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The White-backed Vulture is a typical vulture, with only down feathers on the head and neck, very broad wings and short tail feathers. It has a white neck ruff. The adult’s whitish back contrasts with the otherwise dark plumage. Juveniles are largely dark. This is a medium-sized vulture; its body mass is 4.2 to 7.2 kilograms (9.3–16 lb), it is 78 to 98 cm (31 to 39 in) long and has a 1.96 to 2.25 m (6 to 7 ft) wingspan. White-backed Vulture, Gyps africanus Gyps africanus Like other vultures it is a scavenger, feeding mostly from carcasses of animals which it finds by soaring over savannah. It also takes scraps from human habitations. It often moves in flocks. It breeds in trees on the savannah of west and east Africa, laying one egg. The population is mostly resident. As it is rarer than previously believed, its conservation status was reassessed from Least Concern to Near Threatened in the 2007 IUCN Red List.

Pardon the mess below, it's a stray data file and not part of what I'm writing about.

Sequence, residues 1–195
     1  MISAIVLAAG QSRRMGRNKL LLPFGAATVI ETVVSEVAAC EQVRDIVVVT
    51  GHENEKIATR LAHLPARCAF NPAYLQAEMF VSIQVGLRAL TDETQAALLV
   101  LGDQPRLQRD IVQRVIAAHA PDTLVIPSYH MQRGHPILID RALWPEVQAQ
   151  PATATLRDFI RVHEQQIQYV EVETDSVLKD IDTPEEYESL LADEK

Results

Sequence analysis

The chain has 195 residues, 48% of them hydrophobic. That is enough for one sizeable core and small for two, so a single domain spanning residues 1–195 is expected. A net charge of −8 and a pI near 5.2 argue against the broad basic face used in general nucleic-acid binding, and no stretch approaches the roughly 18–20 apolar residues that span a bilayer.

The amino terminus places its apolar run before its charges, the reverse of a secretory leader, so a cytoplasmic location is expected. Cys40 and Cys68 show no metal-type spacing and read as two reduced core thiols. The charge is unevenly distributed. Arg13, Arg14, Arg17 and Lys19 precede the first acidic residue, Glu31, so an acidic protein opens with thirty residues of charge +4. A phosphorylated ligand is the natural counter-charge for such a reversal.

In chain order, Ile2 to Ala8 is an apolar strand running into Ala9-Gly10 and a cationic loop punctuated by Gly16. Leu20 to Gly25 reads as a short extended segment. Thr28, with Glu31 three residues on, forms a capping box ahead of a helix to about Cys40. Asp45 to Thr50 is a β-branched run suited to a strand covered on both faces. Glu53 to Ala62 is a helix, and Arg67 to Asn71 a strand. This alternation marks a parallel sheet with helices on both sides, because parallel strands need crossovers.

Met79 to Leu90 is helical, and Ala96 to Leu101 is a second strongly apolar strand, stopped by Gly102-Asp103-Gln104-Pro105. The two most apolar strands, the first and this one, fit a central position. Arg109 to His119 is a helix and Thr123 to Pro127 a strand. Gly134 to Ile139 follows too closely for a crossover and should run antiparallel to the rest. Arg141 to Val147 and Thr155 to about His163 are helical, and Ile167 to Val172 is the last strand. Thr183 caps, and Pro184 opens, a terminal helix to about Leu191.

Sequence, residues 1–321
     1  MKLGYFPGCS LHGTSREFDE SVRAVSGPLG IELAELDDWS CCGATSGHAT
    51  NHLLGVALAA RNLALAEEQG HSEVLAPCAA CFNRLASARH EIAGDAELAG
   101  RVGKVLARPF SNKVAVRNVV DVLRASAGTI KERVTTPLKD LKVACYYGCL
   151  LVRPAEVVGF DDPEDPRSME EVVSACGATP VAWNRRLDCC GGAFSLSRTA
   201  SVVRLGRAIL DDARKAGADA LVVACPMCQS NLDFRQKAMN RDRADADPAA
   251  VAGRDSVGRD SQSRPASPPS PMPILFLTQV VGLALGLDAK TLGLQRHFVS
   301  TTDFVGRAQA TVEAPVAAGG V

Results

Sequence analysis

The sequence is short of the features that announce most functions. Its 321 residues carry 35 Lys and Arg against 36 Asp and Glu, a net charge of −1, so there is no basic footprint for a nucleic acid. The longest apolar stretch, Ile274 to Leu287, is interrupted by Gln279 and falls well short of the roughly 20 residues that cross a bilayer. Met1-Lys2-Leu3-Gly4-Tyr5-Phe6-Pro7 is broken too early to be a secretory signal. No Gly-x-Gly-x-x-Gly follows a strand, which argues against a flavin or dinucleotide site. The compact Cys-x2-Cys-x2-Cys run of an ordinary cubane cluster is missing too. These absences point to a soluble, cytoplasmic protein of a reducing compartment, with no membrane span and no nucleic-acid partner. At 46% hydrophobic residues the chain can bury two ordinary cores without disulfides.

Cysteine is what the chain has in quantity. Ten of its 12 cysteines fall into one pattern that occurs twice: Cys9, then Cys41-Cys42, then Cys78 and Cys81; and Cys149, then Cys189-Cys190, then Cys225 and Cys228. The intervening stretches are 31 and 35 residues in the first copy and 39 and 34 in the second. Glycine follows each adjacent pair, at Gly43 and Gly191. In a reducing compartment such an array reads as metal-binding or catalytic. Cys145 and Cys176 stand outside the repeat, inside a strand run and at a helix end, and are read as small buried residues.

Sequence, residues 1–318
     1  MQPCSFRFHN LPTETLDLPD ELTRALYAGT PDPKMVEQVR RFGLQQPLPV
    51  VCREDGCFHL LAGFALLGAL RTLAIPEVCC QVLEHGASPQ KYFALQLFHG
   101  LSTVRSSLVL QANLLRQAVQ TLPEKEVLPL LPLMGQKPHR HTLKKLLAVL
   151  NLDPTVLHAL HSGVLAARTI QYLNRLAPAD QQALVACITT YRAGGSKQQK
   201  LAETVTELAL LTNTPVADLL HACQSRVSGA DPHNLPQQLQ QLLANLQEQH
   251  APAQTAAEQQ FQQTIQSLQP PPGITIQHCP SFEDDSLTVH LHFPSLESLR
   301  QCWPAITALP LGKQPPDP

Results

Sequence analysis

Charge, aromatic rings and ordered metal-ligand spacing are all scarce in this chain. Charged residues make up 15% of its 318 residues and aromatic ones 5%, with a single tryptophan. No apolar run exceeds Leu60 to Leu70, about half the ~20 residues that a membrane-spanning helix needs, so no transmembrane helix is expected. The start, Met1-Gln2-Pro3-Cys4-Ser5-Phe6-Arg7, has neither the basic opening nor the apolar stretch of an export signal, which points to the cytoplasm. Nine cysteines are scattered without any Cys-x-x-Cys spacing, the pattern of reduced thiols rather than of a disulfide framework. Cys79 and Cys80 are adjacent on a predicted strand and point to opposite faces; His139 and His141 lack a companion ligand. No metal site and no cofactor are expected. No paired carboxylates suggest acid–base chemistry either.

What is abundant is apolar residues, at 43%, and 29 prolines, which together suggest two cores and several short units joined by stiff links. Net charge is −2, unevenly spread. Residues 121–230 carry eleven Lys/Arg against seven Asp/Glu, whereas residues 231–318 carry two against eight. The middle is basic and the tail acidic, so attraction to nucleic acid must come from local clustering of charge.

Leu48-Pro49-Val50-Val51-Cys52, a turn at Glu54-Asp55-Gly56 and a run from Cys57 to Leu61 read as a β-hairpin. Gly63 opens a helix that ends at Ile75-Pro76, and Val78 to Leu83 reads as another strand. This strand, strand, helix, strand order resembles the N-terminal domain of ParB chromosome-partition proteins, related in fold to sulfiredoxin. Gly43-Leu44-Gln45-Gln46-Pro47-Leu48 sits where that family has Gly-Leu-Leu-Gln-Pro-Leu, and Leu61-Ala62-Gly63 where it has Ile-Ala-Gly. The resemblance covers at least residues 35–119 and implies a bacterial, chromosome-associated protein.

They are eating a Wildebeest!